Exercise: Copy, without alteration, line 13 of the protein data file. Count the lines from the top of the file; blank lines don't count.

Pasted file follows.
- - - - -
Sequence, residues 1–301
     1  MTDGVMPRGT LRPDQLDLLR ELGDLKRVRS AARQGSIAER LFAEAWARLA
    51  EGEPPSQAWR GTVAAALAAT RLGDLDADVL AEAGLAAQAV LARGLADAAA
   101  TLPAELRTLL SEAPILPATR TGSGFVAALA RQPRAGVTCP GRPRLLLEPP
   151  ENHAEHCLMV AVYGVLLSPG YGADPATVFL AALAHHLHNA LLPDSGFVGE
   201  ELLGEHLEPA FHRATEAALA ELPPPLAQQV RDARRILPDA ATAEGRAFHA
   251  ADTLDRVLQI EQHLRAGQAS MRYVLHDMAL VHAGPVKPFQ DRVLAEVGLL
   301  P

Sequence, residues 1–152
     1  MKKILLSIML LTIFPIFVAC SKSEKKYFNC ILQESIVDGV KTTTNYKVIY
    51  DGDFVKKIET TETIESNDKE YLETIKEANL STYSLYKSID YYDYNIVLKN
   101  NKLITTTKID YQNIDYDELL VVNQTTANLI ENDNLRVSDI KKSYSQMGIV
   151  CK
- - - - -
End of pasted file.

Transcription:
   151  CK